Remove the seat pocket from the car and clean the area around the broken mount with solvent alcohol. If you use isopropyl from the drug store make sure it has no oils in it, many times rubbing alcohol has mineral oil added to it and this defeats its use as a cleaner. Remove and clean the part of the pocket still attached to the seat. Re- attach this to the seat pocket using solvent weld, do NOT glue!! The trick to solvent welding is to get both pieces very clean and hold them together. Then touch a modeler's paint brush wet with solvent to the joint. If you have enough (but NOT too much) solvent on the brush it will wick into the joint and very soon a small bead of plastic will ooze out of the joint. If you have too much solvent on the brush it will run all over and mar the surface of the plastic. This technique can be used to repair cracks in most of the 740 interior panels, I have about a 1/2 pint in my car already! Set aside for 1/2 hour. Weld (using your now perfected solvent welding skills) the small piece of plastic sheet into place. Set aside again for 1/2 hour. Drill the hole in the attaching well through the newly attached piece of plastic. Scuff the outside of the bushing with sandpaper or a file to make the epoxy adhere to it. Bolt this bushing into place using the nut and bolt. The length of the bolt has to allow it to project about 7mm out of the repaired seat pocket and the length of the bushing is such that the head of the bolt is still below the surface of the well opening. See the diagram! Carefully mix the epoxy and pour it around the bushing and fill to almost the top of the bushing. Do NOT fill past the bushing!! Set this whole mess aside in such a way that the epoxy is even and level in the opening, watch it for a minute or so to make sure you have it setting level. When fully set up (overnight in warm area even if you used fast set epoxy) remove the nut and install using the bolt used to hold the bushing into place.

More Headroom Via Lower Seat Cushion.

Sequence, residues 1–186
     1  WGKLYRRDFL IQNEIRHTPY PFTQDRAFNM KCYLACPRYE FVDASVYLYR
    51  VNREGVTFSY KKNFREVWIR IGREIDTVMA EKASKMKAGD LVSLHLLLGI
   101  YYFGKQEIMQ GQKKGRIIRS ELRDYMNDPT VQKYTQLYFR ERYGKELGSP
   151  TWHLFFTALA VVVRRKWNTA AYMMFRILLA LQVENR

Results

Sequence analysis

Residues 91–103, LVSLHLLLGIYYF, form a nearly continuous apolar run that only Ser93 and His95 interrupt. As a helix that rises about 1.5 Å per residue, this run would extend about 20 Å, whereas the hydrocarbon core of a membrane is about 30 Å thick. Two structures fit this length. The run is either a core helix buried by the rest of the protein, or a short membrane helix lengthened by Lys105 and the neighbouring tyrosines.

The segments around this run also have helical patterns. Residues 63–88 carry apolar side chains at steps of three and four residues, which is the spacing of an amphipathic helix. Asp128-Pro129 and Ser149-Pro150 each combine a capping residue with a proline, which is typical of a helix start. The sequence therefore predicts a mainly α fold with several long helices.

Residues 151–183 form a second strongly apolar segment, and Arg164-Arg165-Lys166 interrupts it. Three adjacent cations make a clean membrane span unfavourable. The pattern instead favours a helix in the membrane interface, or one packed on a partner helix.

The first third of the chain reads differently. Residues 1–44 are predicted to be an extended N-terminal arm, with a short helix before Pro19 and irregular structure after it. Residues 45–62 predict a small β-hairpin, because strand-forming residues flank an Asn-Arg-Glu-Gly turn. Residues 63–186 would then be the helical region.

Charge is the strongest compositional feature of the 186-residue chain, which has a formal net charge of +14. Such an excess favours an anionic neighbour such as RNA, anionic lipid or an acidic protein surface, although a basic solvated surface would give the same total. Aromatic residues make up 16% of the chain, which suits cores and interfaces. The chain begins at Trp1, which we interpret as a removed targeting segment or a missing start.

[Inquiry:] I'm suffering from a lack of headroom in my '88 760. I've heard of a TSB about lowering the front seats to gain about 1" to 1.5". My local dealer does not know about it. Can anyone help me identify it, or even better, tell me what it says and whether it's a DIY kind of job?

[Response: Paul Wright] Volvo service bulletin for US and Canada markets TP 31127/1 (English); 09/88; Body Interior, states that From model year 1991, the seat frame springs can be lowered approx. 10-15 mm (about 1/2 inch) to provide increased headroom. The drawing on the service bulletin shows that there are two sets of mounting holes in the seat bottom frame, where the six springs under the cushion hook into the seat frame. The bulletin suggests hooking the springs into the lower series of six holes. I believe there is only one set of mounting holes cut into the pre-1991 seat bottom frames, but it should be possible to drill out some new ones about 1/2" lower, and get the same headroom advantage as is already available on the post-1991 seats.

Seat Headrest

Headrest Removal.

Front Headrest Removal.

[Note 1:]It's a game of blind-man-buff... there is actually a hook/latch holding the two rods.. you have to press down firmly at the back of the seat about 6 inches below the top of the back to release them.

[Andrew] Just below the headrest on the back - just where the fabric can be pressed in -toward one side (about three-four inches from the side edge) I found/felt a wire lever (seemed to have a small loop/circle at the end). It was horizontal mainly - from the side. Worked my fingers and pressed it - released the headrest.It does require some pressure.